Maddux’s 18th


Cheryl Haggard, Co-Founder Now I Lay Me Down to Sleep

As I sit here thinking about the 18th anniversary of the birth and death of my son Maddux in 2005, so many memories and emotions flood over me. I can honestly say that this year, I am at a loss for words about what to write. What can I share with you that I haven’t already?

Can I talk to you about my faith, without fear of offending someone? Can I talk about being 6,564 days closer to being with him instead of being without him? Can I tell you that a simple reverse countdown has comforted me in ways nothing else could?

During a recent church service, I felt like Pastor Josh Howerton of Lakepoint Church in Rockwall TX, was speaking directly to me. He said “God will take your greatest misery and turn it into your greatest ministry.”

I look back at the creation of Now I Lay Me Down to Sleep, and those early days after Maddux died. I was never angry at God. I never placed blame upon Him. But I wanted to know why. Why did this happen to Maddux? Why did this happen to me? Why did this happen to my family? Why did my children have to experience death in such a personal and intimate surrounding? And the scariest question of all? How was I going to survive this pain?

I felt that death had beat me. All the emotions I was feeling, was centered around one word… Grief. I was sad. I felt guilty that my body failed him. I was anxious, confused, frustrated, fearful, numb and resentful. I was envious of pregnant women and healthy babies and these feelings confused me, because I would have never wished this type pain on another human being.

I yearned to hold my baby in my arms.I even yearned to have another baby…but a tubal ligation after Maddux’s birth literally crushed all hope of ever having another child. Then there was anger…at my doctor for even performing that procedure when (right after his birth) we all knew something wasn’t right.

Then there were the feelings of relief, and this one caused confusion also. Relief that Maddux wouldn’t live a life filled with uncertain circumstances…breathing machines and feeding tubes. We knew so little of Maddux’s condition at the time. And 18 years later, there still are no answers and no available cure.

There were feelings of gratitude. Grateful that it wasn’t one of my older children who died. Grateful that my husband didn’t blame me for Maddux’s death. Grateful for the small support network in my community.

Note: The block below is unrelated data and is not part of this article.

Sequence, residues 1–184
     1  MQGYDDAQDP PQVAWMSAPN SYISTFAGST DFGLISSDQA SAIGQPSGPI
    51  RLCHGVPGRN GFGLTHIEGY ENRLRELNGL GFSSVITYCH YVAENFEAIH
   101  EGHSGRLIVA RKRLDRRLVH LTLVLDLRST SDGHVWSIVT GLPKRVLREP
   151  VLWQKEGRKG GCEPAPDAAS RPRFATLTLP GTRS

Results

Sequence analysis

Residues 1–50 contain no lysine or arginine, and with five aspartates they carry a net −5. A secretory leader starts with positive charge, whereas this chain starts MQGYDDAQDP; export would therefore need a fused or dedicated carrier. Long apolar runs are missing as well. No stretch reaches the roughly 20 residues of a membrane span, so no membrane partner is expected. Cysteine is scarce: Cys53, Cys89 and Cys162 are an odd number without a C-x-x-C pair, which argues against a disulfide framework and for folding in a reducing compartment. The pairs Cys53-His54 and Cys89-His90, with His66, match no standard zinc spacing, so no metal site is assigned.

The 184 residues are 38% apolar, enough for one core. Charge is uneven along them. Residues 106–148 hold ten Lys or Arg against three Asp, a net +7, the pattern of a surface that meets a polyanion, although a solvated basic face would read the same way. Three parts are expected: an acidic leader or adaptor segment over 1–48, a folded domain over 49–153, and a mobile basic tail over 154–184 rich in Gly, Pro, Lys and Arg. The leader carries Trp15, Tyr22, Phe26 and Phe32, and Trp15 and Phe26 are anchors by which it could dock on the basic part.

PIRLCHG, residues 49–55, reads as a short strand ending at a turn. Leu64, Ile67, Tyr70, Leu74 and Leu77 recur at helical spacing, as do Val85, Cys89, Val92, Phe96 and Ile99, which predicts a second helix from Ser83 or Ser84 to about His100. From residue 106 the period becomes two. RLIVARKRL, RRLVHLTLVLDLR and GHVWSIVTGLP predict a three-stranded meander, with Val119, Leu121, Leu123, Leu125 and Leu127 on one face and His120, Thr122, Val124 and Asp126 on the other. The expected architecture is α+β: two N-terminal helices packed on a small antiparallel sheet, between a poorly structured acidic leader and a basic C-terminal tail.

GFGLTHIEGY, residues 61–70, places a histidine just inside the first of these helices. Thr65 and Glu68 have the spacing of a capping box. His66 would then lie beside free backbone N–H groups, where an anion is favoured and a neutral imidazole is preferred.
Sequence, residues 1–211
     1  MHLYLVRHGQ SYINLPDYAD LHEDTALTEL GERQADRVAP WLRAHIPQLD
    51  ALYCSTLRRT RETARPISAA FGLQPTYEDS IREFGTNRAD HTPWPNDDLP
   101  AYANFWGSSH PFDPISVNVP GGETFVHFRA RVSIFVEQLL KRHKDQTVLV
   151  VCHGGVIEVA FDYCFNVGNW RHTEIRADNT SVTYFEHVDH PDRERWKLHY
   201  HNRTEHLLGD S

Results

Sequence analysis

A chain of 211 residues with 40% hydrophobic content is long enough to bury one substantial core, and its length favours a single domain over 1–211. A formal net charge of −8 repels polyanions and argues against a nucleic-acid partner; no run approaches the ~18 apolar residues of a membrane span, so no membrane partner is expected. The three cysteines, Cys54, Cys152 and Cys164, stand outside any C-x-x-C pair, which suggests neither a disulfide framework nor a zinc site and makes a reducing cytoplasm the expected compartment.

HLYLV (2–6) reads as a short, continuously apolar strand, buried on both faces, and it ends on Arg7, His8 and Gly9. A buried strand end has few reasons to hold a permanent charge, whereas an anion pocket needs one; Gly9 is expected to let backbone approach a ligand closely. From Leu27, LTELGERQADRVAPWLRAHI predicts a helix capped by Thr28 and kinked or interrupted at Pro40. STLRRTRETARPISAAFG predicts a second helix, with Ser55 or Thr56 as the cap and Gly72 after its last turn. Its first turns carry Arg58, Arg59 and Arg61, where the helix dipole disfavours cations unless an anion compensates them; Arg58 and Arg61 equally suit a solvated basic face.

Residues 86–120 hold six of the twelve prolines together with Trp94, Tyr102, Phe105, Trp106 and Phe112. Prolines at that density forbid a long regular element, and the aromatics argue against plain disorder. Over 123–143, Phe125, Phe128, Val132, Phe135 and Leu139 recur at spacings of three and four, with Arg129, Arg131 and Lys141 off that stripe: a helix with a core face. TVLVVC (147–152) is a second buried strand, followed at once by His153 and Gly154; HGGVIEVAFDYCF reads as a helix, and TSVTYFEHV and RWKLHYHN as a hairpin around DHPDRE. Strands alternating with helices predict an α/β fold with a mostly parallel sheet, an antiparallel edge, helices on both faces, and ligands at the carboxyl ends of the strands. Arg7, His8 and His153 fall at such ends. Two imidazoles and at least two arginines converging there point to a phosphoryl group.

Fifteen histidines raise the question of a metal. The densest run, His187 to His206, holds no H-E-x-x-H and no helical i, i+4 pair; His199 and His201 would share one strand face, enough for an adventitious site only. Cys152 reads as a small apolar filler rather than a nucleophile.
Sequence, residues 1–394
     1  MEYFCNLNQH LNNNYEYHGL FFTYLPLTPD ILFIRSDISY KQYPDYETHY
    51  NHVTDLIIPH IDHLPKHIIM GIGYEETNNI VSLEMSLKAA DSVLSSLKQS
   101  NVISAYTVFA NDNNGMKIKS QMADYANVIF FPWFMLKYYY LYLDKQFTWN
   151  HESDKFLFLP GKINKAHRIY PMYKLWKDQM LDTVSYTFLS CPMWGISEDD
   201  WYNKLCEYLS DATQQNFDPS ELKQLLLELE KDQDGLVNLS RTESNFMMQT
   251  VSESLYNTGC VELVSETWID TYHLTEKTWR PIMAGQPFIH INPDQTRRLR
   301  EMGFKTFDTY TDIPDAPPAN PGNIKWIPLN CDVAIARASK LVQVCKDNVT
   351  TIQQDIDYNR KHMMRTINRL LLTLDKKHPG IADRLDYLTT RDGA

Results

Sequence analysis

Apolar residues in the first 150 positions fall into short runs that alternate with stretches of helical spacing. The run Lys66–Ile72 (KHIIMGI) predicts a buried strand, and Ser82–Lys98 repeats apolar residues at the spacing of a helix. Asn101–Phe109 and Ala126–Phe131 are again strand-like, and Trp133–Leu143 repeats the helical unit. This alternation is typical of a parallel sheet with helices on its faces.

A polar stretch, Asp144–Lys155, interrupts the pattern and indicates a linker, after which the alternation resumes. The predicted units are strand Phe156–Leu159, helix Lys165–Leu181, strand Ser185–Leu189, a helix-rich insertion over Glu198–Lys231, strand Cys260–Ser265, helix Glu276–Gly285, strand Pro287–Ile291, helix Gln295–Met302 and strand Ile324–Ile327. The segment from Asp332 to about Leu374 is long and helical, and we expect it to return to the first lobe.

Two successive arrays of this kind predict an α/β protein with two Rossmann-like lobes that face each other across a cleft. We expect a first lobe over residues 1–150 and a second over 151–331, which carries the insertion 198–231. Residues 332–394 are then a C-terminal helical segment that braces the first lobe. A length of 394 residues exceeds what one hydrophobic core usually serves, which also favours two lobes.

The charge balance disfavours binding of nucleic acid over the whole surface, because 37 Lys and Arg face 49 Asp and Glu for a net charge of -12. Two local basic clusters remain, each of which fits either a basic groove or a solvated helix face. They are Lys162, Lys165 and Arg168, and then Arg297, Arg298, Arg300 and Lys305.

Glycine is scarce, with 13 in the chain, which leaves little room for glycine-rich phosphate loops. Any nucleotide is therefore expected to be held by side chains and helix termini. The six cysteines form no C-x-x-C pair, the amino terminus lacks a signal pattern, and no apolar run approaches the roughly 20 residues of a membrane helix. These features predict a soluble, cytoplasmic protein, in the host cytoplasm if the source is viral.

Then there was hope. I felt hope the night of Maddux’s death. Strange as it sounds…but yes, hope. Such a beautiful word to me now. After holding my child for the last time, and gently laying him in the hospital bassinet, my husband guided me through the halls of the hospital and out an exit door. We walked out of the hospital with arms void of my son, a broken heart and very few precious items. How, you might be asking, can one feel hope in such debilitating circumstances?

Little did I know that night I would be taking my first step toward Healing. The Hope came from knowing I was going to see my son again through the medium of photography. The Honor would come later, after viewing his photographs for the first time. Healing, Hope and Honor. The mantra for Now I Lay Me Down to Sleep.

The past few years I have been honoring Maddux by adjusting the focus of my grief. I have replaced anger with feelings of gratitude. Resentment by counting my blessings. Envy with grace. Confusion with compassion. I have learned the difference between empathy and sympathy.

One of the most important lessons I learned is how to make friends with my grief. With all respect, grief will live with me for the rest of my life…I have accepted this. My love and grief walks hand in hand with me.

I want other bereaved parents to know that the death of their child isn’t a lifetime commitment of pain and grief. Slowly but surely, you will become stronger to carry this grief with you. Somedays you won’t even know it’s there. And other days it might have you pinned down. But you will smile and find joy again, and when that happens, it will be such an odd feeling.

Acknowledge that. And then do it again, and again and again.

And make friends with your grief.

With the recent passing of David Crosby, I am reminded of the song Turn Turn Turn inspired by Ecclesiastes 3:1-11

There is one particular part that stands out to me in Ecclesiastes 3:4.

A time to weep and a time to laugh, a time to mourn and a time to dance.

My prayer for every bereaved parent is that you find your season of hope again. Find your reason to laugh and dance.

To everything there is a season, and a time to every purpose under heaven.

With Healing, Hope and Honor
Cheryl Haggard

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